Greetings, everyone. From time to time we’ll be adding information to the CUPE Local 46 website that you may find relevant. This post comes to us from Progress Alberta via one of our members.
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Progress Report #216
Your weekly update on Alberta politics for May 12, 2020
Another worker employed at the Cargill meat packing plant in High River was killed by the coronavirus this weekend.
The response from the UCP government has mostly been attempts to deflect blame. Premier Kenney, his ministers and backbenchers, and their staff of ‘issues managers’ spent the week online aiming to discredit all critics. To criticize the UCP is to “drag Dr. Hinshaw,” according to Kenney’s ‘issues manager’ Matt Wolf. Outrage at the deaths is “regrettable politicization,” and the NDP secretly intend “to damage beef, poultry, and pork producers,” according to UCP MLA Peter Guthrie.
But no volume of Twitter gaslighting can contend with the truth. Documents from Alberta Occupational Health and Safety show that Cargill violated the OHS Act by shutting worker representatives out of their coronavirus safety investigation. Another Cargill facility in Chambly, Quebec has shut down after 65 employees there tested positive for the virus, which is raging through meat packing plants up and down the continent.
It’s undeniable at this point that factors related to employment at these plants–the conditions in the facilities themselves, the living conditions of the workers, their economic precarity and the obstacles preventing non-citizens from accessing care–make the plant workforce unacceptably vulnerable to this pandemic. And while the UCP government would like to pin the blame on anyone else, the fact is that the choice to close or not close the Cargill and JBS plants belonged to Jason Kenney’s cabinet and no-one else.
Our director Duncan was in High River all last week assisting with mutual aid and interviewing workers. Up on the Progress Report site you can find the workers’ view on the conditions in the plant, as well as one worker’s story of how Cargill dealt with him when he tested positive for the virus. We have several more interviews that we’ll be publishing through the week.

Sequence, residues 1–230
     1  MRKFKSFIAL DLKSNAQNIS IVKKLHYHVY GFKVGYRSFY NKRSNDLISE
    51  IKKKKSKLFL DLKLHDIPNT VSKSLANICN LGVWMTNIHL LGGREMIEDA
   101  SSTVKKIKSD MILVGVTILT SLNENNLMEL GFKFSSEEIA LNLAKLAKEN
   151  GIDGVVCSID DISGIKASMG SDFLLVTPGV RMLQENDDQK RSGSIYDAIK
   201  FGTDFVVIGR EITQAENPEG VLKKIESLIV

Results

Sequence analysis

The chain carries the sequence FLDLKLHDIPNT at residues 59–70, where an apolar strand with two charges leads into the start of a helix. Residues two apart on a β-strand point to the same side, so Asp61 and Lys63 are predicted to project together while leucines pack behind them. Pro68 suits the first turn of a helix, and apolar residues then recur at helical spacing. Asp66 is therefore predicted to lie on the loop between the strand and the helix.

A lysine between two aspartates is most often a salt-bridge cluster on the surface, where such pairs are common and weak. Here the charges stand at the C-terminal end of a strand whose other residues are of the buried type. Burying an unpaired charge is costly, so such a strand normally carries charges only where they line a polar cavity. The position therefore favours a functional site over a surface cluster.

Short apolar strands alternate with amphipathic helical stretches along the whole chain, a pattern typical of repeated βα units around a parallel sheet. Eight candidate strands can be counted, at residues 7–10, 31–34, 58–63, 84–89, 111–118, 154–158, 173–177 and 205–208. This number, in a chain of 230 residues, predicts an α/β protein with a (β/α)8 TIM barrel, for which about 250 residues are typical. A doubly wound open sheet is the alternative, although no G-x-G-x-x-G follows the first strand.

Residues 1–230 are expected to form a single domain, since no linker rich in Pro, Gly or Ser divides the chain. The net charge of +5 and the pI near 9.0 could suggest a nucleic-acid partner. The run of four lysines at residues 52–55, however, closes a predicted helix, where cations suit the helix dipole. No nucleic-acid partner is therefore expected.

I know this is a difficult time financially for almost everyone, so don’t stress if you can’t pitch in. But sending staff and freelance writers out to do investigative reporting isn’t cheap and we’d like to keep it up.
We’ll have more coverage of the Cargill situation on our social media throughout the week.
- How easy is it to dump your oil wells onto the Alberta public once you can’t make any more money on them? Absurdly, maddeningly easy, as it turns out. Jeremy Appel this week has the story of one Alberta firm that went bankrupt–dumped its liabilities onto the Orphan Well Association–and then popped back up only nine months later, with none of the dead weight, almost all of its old assets, and a new name.
- Research shows that over 70 percent of Canadian oil sands production is owned by foreign companies and shareholders. Owners and their allies in the conservative political parties are calling for a massive federal bailout–but why should Canadian funds be bailing out shareholders that don’t even live in Canada?
- That muckraker Kim Siever did a deep dive into MLA Drew Barnes’ finances on his blog this week, and wow–Drew sure is tied up in some odd things. I thought fools and their money were supposed to be easily parted?
- Federal NDP leader Jagmeet Singh is urging for an end to privately-operated long term care facilities in the wake of numerous horror stories from private care facilities decimated by the virus. As of last week more than 80% of Canada’s COVID-19 deaths have been in long term care facilities; research by Nora Loreto shows that overwhelmingly these deaths are occuring in the privatized homes.
That’s all for this week. Please share our newsletter with any friends or family who you think would like political news and commentary from a progressive point of view. If someone forwarded this newsletter to you, you can sign up for it here.
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